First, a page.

29. I must admit this is a little confusing for me. So basically the data in my ArrayList is held as a Geometry, its know that it is a polygon, point or linestring, I need to process each one accordingly to get node coordinates (x and y’s) and create a float array. At the same time as creating the individual float arrays, I need to create a FloatBuffer. I will then need to keep both the float array and FloatBuffer in an array of their own. Is that logic of mine correct?

    Some thing like:
    //layer.geometries is a list of geometries in each table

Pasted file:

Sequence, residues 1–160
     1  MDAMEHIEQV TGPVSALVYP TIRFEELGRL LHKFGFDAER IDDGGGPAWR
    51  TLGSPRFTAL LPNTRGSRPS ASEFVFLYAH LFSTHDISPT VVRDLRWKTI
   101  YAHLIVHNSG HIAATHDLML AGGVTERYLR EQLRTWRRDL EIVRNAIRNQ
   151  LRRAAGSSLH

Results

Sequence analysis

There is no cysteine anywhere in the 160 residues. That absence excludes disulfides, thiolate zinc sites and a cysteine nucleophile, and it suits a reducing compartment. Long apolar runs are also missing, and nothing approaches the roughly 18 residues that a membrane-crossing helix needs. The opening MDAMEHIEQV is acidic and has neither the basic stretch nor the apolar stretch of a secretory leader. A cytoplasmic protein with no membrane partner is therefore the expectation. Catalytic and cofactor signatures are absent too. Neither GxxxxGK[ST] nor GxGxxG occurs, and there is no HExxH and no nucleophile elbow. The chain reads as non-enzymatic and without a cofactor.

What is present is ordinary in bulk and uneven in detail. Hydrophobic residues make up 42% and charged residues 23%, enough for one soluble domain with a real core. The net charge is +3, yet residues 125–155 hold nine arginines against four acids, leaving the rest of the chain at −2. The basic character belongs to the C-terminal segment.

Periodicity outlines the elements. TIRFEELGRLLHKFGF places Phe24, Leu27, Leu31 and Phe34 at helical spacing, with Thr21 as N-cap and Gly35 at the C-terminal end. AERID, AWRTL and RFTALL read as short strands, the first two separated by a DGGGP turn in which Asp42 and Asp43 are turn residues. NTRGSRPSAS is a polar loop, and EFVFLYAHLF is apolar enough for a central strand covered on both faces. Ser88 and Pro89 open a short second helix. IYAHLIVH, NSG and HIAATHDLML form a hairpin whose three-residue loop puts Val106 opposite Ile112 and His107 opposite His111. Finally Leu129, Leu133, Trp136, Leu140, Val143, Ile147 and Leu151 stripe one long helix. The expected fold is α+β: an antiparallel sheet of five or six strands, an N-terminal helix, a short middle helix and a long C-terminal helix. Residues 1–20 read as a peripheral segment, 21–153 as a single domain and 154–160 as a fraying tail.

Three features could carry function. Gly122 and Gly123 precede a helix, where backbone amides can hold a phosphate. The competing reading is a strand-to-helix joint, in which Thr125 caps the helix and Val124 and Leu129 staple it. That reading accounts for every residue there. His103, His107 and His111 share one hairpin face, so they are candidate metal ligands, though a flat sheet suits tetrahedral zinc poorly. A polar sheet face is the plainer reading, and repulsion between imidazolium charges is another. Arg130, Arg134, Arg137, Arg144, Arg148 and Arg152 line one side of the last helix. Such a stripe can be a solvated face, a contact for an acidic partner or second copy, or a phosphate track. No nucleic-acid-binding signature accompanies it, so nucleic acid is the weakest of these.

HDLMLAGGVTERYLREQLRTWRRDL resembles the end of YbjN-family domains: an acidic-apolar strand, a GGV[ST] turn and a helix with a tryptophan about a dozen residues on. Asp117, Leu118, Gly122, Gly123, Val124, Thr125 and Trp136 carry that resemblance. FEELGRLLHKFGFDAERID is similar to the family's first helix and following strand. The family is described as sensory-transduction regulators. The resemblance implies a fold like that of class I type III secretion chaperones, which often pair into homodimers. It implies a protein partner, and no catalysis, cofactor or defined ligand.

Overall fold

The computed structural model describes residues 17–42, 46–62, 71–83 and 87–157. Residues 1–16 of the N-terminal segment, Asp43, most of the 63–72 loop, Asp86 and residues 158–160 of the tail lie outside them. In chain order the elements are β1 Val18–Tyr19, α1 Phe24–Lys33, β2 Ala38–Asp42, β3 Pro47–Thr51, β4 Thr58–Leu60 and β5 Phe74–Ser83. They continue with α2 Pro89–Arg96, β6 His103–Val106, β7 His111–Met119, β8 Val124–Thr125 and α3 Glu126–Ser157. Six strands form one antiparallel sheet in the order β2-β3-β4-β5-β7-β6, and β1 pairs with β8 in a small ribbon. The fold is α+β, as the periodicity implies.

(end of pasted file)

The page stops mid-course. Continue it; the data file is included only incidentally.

ListIterator GeometryList_it = layer.geometries.listIterator();
    while (GeometryList_it.hasNext()) {
    Geometry geometry = GeometryList_it.next();

    float[] shapeVerticeData;
    FloatBuffer mShapeVertices;

    if (geometry.getType() == SHP_POINT){

    float cX = geometry.getX;
    float cY = geometry.getY;

    shapeVerticeData = {
    // X, Y, Z,
    // R, G, B, A
    cX, cY, 0.0f,
    0.0f, 0.0f, 0.0f, 1.0f};

    // Initialize the buffers.
    mShapeVertices = ByteBuffer.allocateDirect(shapeVerticeData.length * mBytesPerFloat)
    .order(ByteOrder.nativeOrder()).asFloatBuffer();

    mShapeVertices.put(shapeVerticeData).position(0);

    //Add both to an encompassing array
    }
    else if (geometry.getType() == SHP_LINESTRING){

    }
    else if (geometry.getType() == SHP_POLYGON){

    }
    }

    1. Hi Hank,

      Yes, you’ll need to extract node coordinates from your ArrayList and create a float array. You could start out by organizing it like this: